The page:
by J. Craig Anderson – May. 31, 2009 12:00 AM
The Arizona Republic
Phoenix-area real-estate brokerages and property managers are gearing up to ride an anticipated wave of business in managing financially struggling apartment, condominium, office and retail projects as court-appointed receivers.
Receiverships, seldom seen in the past two decades, are on the rise again.
“There aren’t a tremendous amount – yet,” said Craig Henig, senior managing director of commercial real-estate services firm CB Richard Ellis in Phoenix. “It’s the trend everybody is waiting for.”
Receivership is a process courts can initiate when a commercial real-estate owner is in jeopardy of losing one or more properties, usually because of an outstanding debt. The court appoints a neutral third party, known as a receiver, to manage each property while the lender and borrower resolve their mutual money problem.
Because the expected commercial real-estate crash is still gathering momentum, a number of notable Phoenix-area projects have gone into receivership in recent months. Those include Wigwam Golf Resort and Spa in Litchfield Park; Century Plaza high-rise condominium building at Lexington and Central avenues in Phoenix; and 13 Valley apartment complexes formerly owned by apartment-investment firm Bethany Group of Irvine, Calif., now defunct.
Tenants living or working inside properties in foreclosure or bankruptcy are like innocent bystanders in a financial shootout. The receiver’s job is to make sure they don’t get hurt and to protect the property’s future revenue-generating potential.
At Bethany Group apartments such as Alante at the Islands, 2222 N. McQueen Road in Chandler, much of the damage to tenants was done by the time a receiver was appointed to take control in March, Tempe-based tenant advocate Ken Volk said.
Volk, who runs the non-profit Arizona Tenants Advocates & Association, said that he has assisted in 10 cases so far in which former Bethany Group tenants sought to break their leases because “they were worried about the place being a dump.”
Volk said things were particularly bad at Alante, where trash bins overflowed, algae conquered community swimming pools, weeds spread across courtyards and calls to maintenance staff went unanswered.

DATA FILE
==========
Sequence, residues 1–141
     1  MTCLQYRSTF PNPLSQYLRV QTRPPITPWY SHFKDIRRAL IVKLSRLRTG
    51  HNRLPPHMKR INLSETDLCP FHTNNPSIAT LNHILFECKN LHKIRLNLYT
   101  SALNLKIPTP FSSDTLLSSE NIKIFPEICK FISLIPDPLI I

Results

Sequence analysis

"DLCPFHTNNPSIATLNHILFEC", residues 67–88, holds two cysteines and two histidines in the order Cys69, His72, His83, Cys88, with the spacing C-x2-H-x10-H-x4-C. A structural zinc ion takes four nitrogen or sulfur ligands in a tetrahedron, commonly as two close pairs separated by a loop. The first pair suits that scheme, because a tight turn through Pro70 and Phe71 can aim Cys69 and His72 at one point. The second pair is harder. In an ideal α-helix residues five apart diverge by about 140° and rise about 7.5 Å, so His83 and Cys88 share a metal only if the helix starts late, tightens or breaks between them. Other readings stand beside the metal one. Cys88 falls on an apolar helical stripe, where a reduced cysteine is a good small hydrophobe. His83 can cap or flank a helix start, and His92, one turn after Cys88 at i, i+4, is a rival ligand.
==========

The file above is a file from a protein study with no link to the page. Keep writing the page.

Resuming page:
In addition, security and cleaning deposits that were supposed to be refundable disappeared along with the properties’ former owners, Volk said.
Former Bethany Group executives could not be reached for comment. Alante’s new property manager did not return calls.
Bob Burnand, an expert on receiverships, recently was hired by Colliers International in Phoenix to expand that part of the company’s business. He said that while Colliers was not involved in the Bethany Group situation, it appeared to be an unusual case.
“My understanding is that Bethany Group basically just walked away,” he said, adding that in most receivership cases, tenants barely notice that a property has changed hands.
In any case, Burnand said the receiver was there to solve tenants’ problems, not to create new ones.
“The role of the receiver is to protect the asset,” said Burnand, director of asset services.
Firms such as Colliers are hiring people like Burnand, a veteran of the savings-and-loan crisis of the late 1980s and early 1990s, because of a troubling national trend in commercial real-estate financing.
The majority of financing for commercial real-estate loans issued during the new-millennium boom came from private investors purchasing commercial mortgage-backed securities.
Now, roughly $700 billion worth of securitized commercial loans nationwide is in “special services,” Burnand said, which means the borrowers have missed payments and are in danger of foreclosure.
“The amount of CMBS (commercial mortgage-backed securities) loans going to special servicers rose by 48 percent in the first quarter,” Burnand said.
Most commercial mortgages are high-interest loans with terms of five years or less. When the loans mature, they must be paid off in full, usually by refinancing or selling the property.
More than $150 billion worth of loans are scheduled to mature by 2012, Burnand said, adding that many analysts estimate two-thirds will not be paid off.
“The CMBS market is gone,” he said. “There isn’t the infrastructure to replace these loans.”
As a result, companies seeking work as receivers expect to be managing those properties for a long time.
Robert Hicks is Southwest regional vice president of Phoenix-based property-management firm Alliance Residential Co. He said his company was looking for receivership business despite challenges such as the potential for tenant hostility and negative news reports.
Hicks said companies such as Alliance can’t afford to ignore any potential new business – even the temporary kind – in the current economic climate.
And always, the possibility exists that what begins as a temporary role could become permanent if tenants are satisfied, the property is well-maintained and its new owners have not chosen another management firm, he said.
Both Hicks and Burnand said it’s possible that court-appointed receivers could be managing Phoenix-area properties for years to come, until the demand for investment in commercial real estate resurfaces.
Still, Hicks was less sure about the legal system’s ability to avert serious problems for tenants if the need for receiverships becomes widespread.
“I don’t know if Bethany was the exception or the norm,” he said. “We’re going to find out.”